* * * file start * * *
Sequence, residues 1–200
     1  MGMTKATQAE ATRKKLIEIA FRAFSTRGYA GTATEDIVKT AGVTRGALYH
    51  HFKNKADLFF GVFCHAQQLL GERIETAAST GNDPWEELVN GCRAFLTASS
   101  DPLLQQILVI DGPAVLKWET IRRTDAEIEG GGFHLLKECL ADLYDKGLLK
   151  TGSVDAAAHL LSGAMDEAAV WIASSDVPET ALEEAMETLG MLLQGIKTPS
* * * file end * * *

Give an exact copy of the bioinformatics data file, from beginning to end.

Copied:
Sequence, residues 1–200
     1  MGMTKATQAE ATRKKLIEIA FRAFSTRGYA GTATEDIVKT AGVTRGALYH
    51  HFKNKADLFF GVFCHAQQLL GERIETAAST GNDPWEELVN GCRAFLTASS
   101  DPLLQQILVI DGPAVLKWET IRRTDAEIEG GGFHLLKECL ADLYDKGLLK
   151  TGSVDAAAHL LSGAMDEAAV WIASSDVPET ALEEAMETLG MLLQGIKTPS